Over the past few years, robotic technology has increasingly grown in popularity and its usage has increased by leaps and bounds in surgical care across the world. As a matter of fact, the da Vinci robotic system has become the go-to robotic system for general laparoscopic surgery which is evident by the fact that nearly 5,000 robotic surgical systems are currently in use all around the world.
Some of the many benefits of robotic surgery are:
The main disadvantage of robotic surgery can be attributed to the increased cost along with the loss of tactile/haptic sensation.
Surgeries pertaining to diseases affecting the male/female urinary tract as well as the male reproductive tract can be termed as Urological surgery. Thereon, the organs which are primarily covered are the kidneys, urethra, ureters, adrenal glands, urinary bladder as well as the male reproductive system including the penis, testes, prostate, vas deferens, seminal vesicles, epididymis).
Since the last decade, there has been an increased buzz in the field of urological surgery and it has been applied to two specific areas, in particular, i.e. Endourology and Laparoscopy. Robotic surgery can be applied to the following procedures in the field of urology:
Also known as nephron-sparing surgery, partial nephrectomy can be better described as the partial removal of a tumour from the kidney tumour while leaving the healthy kidney behind. This kind of surgery is usually opted for when the size of the tumour is less than 4cm. Thus instead of taking out the entire kidney and by focusing on only removing the cancerous lesion, the remaining renal function can be maximized. This, in turn, has been revealed to have significantly improved kidney cancer outcomes by allowing to treat more complex cancers thus notably decreasing the rates of any cardiovascular complications in the future.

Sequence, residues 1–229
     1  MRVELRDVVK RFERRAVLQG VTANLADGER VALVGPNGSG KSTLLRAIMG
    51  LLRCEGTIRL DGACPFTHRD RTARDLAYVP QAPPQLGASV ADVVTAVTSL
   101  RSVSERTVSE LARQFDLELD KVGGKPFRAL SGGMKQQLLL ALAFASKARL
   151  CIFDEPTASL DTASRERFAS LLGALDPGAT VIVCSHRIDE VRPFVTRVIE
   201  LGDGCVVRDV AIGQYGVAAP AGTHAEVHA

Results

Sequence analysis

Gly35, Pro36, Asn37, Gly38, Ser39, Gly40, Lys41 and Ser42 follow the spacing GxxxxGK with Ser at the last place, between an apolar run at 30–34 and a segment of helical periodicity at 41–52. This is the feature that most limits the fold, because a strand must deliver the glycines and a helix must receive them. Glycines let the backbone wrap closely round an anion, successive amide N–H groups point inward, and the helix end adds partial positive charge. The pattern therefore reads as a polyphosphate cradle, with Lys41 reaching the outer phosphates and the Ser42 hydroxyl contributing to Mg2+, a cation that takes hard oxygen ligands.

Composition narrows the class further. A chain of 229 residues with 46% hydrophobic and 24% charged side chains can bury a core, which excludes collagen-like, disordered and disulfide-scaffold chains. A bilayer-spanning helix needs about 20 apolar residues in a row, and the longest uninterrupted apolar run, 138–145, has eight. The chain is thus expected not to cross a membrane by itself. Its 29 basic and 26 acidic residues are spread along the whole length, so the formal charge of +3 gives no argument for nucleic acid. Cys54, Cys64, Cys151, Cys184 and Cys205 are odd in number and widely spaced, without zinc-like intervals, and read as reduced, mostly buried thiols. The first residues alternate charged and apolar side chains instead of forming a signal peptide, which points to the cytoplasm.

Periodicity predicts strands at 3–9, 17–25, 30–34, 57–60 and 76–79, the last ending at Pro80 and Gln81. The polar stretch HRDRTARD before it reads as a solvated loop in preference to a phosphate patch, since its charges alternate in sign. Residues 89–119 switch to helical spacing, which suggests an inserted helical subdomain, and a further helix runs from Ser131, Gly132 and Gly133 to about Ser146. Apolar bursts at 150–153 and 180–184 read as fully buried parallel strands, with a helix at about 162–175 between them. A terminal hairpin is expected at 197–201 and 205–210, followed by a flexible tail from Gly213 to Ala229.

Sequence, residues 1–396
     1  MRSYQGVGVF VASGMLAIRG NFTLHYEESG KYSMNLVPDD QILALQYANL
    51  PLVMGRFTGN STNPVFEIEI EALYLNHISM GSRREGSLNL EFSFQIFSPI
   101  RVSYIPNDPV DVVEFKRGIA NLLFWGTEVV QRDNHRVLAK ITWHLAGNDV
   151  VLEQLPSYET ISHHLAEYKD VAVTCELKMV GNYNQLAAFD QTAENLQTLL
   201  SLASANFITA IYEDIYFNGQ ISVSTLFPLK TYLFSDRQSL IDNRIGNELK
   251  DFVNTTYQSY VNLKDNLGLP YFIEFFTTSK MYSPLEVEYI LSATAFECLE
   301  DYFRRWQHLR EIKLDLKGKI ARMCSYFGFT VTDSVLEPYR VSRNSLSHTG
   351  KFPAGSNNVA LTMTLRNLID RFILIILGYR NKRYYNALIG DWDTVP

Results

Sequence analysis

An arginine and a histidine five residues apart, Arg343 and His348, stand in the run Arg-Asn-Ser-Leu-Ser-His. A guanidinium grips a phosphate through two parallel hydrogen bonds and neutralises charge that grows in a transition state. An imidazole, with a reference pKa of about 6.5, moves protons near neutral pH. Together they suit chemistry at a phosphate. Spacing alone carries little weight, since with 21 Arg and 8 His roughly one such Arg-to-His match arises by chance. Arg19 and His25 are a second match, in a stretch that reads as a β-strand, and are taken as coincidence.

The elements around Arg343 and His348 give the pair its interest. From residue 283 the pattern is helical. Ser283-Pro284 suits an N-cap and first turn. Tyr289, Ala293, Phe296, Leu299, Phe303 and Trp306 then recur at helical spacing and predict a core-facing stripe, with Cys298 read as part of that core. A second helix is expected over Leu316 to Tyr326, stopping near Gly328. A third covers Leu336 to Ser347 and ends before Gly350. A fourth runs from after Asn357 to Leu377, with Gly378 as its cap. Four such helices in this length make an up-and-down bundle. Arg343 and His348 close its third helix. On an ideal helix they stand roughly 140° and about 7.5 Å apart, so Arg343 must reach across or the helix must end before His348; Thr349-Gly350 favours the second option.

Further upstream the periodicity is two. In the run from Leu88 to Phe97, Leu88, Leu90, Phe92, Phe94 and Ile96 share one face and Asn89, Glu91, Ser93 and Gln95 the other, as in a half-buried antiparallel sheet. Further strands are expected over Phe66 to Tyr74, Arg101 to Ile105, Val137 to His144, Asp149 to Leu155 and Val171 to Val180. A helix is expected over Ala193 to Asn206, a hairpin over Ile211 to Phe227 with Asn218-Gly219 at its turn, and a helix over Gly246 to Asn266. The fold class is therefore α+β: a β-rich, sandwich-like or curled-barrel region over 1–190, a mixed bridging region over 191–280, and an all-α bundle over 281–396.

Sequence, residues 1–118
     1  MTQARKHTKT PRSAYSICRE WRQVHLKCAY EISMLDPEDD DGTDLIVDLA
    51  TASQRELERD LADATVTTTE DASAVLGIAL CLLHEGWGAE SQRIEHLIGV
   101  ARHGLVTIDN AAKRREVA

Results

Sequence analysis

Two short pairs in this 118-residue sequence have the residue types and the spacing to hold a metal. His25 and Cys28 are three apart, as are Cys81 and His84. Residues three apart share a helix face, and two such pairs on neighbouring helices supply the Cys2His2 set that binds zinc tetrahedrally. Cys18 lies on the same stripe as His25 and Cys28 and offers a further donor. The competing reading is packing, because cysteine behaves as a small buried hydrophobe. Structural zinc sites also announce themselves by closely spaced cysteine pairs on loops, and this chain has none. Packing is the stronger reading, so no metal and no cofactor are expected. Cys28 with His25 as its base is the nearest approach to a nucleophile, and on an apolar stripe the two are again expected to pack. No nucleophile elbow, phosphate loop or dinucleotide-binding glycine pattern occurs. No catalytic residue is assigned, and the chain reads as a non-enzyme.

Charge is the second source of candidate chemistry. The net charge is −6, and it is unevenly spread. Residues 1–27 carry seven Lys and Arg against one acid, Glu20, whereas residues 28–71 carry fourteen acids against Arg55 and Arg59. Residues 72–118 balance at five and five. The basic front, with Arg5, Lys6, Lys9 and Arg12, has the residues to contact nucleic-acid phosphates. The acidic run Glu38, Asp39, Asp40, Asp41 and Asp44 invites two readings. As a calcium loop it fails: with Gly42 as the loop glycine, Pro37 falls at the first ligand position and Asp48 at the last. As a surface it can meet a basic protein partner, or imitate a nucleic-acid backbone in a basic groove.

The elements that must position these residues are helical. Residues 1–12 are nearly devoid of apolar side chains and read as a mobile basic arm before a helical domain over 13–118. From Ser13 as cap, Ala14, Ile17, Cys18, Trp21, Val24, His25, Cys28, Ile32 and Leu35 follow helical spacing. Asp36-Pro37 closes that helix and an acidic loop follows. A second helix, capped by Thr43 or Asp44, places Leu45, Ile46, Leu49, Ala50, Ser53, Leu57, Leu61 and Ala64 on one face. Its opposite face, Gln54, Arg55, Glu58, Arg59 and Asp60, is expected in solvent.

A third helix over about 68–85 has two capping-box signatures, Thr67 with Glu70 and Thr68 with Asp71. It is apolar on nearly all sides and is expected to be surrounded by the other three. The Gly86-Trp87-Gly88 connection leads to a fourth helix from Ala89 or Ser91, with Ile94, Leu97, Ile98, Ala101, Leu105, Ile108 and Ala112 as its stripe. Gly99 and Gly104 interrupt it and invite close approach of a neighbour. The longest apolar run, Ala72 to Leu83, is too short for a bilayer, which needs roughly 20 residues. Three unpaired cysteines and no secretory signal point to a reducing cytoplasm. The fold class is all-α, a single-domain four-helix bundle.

In case of a robotic partial nephrectomy, more often than not, the da Vinci Robotic Prostatectomy is the way forward. Accordingly, a combination of high-definition 3D magnification, state-of-the-art robotic technology as well as a bunch of miniature instruments is used in order to remove the tumour. Besides, this minimally invasive technique is also said to drastically enhance the urologic surgeon’s skills when removing the cancerous portion of the kidney and reconstructing the remaining healthy kidney. The ultimate goal is allowing patients to experience high-quality surgical treatment but with the aid of small incisions so that the patients are able to quickly recover and get back to their lives as soon as possible post-surgery.
A robotic partial nephrectomy requires that the patient gets administered with general anaesthesia. The average operating time is approximately 3-4 hours. That said, operative time tends to vary from individual to individual. Robotic partial nephrectomy makes use of slender telescope-like instruments (robotic arms) and a camera which is placed through approximately 3 to 5 small keyhole (< 1cm) incisions as opposed to a large 6 to 8-inch long incision that is typically required in a traditional open partial nephrectomy. The surgeon remotely controls the robot with the aid of a console located at a short distance away from the patient where the magnified operating field can be viewed in 3-D.
There are four available arms – which basically acts as an extension of the surgeon’s hands. The first arm has a 3-D camera attached to it and gives the surgeon enhanced detail along with a true depth of field and a panoramic view thus allowing him/her to accomplish the surgery with improved visualization and mechanical precision. Also, the robotic hands’ wide range of movement enables the surgeons to wield greater dexterity.
Besides reducing the incidence of pain and minimizing the risk of infection, patients are said to also experience decreased blood loss, less scarring as well as quicker recovery time. Moreover, the effectiveness of the robotic approach has been revealed to be equal to that of the traditional approach with significantly less morbidity
However, this approach is not recommended in case of patients who are diagnosed with large tumours (more than 4 cm) or in case of tumours which have been shown to invade nearby structures (e.g. vena cava, liver, or bowel). These type of patients may be best suited to opt for an open or traditional approach owing to the extent and need for adjacent organ resection. In addition, patients suffering from medical conditions such as severe lung and heart disease may not be suited to a robotic approach.
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